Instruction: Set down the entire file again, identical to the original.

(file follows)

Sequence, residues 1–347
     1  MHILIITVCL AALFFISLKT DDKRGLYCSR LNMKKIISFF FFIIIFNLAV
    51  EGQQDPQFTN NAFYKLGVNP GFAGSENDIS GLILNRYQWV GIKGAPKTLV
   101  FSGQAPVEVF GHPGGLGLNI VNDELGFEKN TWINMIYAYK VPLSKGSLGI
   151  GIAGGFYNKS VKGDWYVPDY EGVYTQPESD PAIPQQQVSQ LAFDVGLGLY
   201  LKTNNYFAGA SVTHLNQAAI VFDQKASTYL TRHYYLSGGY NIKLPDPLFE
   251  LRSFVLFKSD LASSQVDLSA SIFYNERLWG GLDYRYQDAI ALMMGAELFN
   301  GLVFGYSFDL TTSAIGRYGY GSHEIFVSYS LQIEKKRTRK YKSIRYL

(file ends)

Sequence, residues 1–347
     1  MHILIITVCL AALFFISLKT DDKRGLYCSR LNMKKIISFF FFIIIFNLAV
    51  EGQQDPQFTN NAFYKLGVNP GFAGSENDIS GLILNRYQWV GIKGAPKTLV
   101  FSGQAPVEVF GHPGGLGLNI VNDELGFEKN TWINMIYAYK VPLSKGSLGI
   151  GIAGGFYNKS VKGDWYVPDY EGVYTQPESD PAIPQQQVSQ LAFDVGLGLY
   201  LKTNNYFAGA SVTHLNQAAI VFDQKASTYL TRHYYLSGGY NIKLPDPLFE
   251  LRSFVLFKSD LASSQVDLSA SIFYNERLWG GLDYRYQDAI ALMMGAELFN
   301  GLVFGYSFDL TTSAIGRYGY GSHEIFVSYS LQIEKKRTRK YKSIRYL